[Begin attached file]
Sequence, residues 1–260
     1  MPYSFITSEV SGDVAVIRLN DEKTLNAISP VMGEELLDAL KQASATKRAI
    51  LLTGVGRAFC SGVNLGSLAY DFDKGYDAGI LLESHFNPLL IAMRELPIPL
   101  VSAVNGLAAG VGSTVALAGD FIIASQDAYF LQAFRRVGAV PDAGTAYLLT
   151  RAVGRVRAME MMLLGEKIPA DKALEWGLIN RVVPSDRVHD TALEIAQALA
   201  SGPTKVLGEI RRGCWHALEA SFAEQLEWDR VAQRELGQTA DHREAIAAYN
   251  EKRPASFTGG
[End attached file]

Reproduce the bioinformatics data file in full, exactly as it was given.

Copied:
Sequence, residues 1–260
     1  MPYSFITSEV SGDVAVIRLN DEKTLNAISP VMGEELLDAL KQASATKRAI
    51  LLTGVGRAFC SGVNLGSLAY DFDKGYDAGI LLESHFNPLL IAMRELPIPL
   101  VSAVNGLAAG VGSTVALAGD FIIASQDAYF LQAFRRVGAV PDAGTAYLLT
   151  RAVGRVRAME MMLLGEKIPA DKALEWGLIN RVVPSDRVHD TALEIAQALA
   201  SGPTKVLGEI RRGCWHALEA SFAEQLEWDR VAQRELGQTA DHREAIAAYN
   251  EKRPASFTGG